I don’t think at this point that there is anything to be gained by trying to spoonfeed the data to PL and argue with him.

    All you’ve been spoonfeeding me is your biased opinion and an old paper based on what might happen.

    Lastly, I’m not a man. If you’re meaning to make a point to your readers to avoid talking to me, by talking about me and not to me, I suppose you could be more childish if you tried. You’re right, there’s no point in discussing anything with you… because in your mind there are no valid reasons to question any aspect of the current schedule the way it’s being administered. And if the data are out there (for the very specific things I asked you about… nice try making it sound like I’m asking for the sun, moon and stars…I might call that a red herring) then you should have no problems providing it to me. Alas, you have no desire to substantiate any of the broad claims you repeatedly make. You have certainly not convinced me to run out and catch my unvaxxed kid up on their jabs.

    If you are going to discriminate against those that go against the schedule, you’re going to need a whole lot more than your opinion to make an impact.

    Weing,

    I don’t know for sure that the vaccines caused the seizures, how will I ever know? I’ll never have enough evidence to prove it to anyone, so why bother discussing it? Evidently the only correlations allowed are those that demonstrate that morbidity has been reduced by the widespread use of vaccines, certainly no confounders there. Likewise the only shift in diagnostic criteria the medical profession apparently admits to actually happening relate to autism.

    I can assure you had my child been exposed to any sort of vaccine available disease, that my then peds doctor would have had no trouble blaming any complication on that challenge. Funny how the challenges created by vaccines could never do such a thing in some people’s eyes. What happens when you repeatedly challenge a human infant from the day they are born until they are two? Well who knows?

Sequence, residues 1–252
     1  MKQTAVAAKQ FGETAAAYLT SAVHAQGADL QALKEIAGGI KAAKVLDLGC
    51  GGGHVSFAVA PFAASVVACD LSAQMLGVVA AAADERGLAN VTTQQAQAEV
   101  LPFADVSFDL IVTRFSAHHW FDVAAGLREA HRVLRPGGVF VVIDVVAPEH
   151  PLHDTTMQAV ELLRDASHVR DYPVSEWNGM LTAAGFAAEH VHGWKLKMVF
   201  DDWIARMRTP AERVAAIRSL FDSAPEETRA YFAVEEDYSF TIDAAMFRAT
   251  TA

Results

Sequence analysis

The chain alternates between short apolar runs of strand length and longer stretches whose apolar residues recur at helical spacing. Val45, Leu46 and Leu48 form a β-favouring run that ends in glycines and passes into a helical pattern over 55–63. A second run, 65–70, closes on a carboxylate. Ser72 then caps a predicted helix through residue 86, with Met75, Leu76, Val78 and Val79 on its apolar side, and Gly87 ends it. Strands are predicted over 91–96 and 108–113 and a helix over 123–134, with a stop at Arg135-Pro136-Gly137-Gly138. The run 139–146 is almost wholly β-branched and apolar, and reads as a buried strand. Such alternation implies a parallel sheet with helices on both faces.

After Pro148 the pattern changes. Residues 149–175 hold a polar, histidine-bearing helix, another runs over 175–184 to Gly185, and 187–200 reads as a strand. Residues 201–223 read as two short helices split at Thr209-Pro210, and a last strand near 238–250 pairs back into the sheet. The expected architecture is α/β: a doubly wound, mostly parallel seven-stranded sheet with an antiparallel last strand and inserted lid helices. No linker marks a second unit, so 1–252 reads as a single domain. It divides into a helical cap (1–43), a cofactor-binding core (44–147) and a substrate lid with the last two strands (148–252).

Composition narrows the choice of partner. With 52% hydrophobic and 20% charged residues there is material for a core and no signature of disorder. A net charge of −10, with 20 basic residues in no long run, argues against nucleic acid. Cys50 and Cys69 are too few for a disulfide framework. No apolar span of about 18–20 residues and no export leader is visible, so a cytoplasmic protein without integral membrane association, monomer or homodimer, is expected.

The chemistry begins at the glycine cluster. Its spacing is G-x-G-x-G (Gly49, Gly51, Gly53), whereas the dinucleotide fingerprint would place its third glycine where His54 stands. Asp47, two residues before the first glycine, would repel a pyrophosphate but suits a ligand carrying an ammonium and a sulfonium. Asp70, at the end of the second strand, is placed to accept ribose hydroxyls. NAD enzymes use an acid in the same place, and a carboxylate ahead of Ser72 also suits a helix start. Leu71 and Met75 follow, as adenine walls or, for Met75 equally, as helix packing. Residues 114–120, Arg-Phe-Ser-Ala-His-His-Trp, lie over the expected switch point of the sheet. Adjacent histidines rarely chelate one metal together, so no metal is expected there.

Your understanding of vaccine literature is fraught with so many errors, I do not know where to begin.

    Well, you’ll need to find a place to start, because unless you are specific in your accusations of my education, that you know nothing about, then your argument is not valid… no matter how many different ways you say it.

    It betrays reading biases into abstracts of articles and is of the kind acquired via google university and worthless. That, I do know. If you really want to educate yourself on this and discuss it seriously, then you would need to take some courses in a real school. You would do yourself a big favor.

    Simply slandering a person (another ad hom) and providing no details as to why your slander is correct is a logical fallacy. Period. And you are doing it over. and over. and over.

  79. wales says:

    On the topic of seizures, those readers with vaccine-aged children should be aware that the information contained in the DTaP VIS dated 2007 (the one currently available on the CDC website) contradicts current recommendations with regard to controlling fevers in children who have had seizures. From the DTaP VIS: “Controlling fever is especially important for children who have had seizures, for any reason. It is also important if another family member has had seizures. You can reduce fever and pain by giving your child an aspirin-free pain reliever when the shot is given, and for the next 24 hours, following the package instructions.” This contradicts a March, 2010 article in The Journal of Pediatrics which states “Antipyretic agents are ineffective for the prevention of recurrences of febrile seizures and for the lowering of body temperature in patients with a febrile episode that leads to a recurrent febrile seizure.” http://download.journals.elsevierhealth.com/pdfs/journals/0022-3476/PIIS0022347609012013.pdf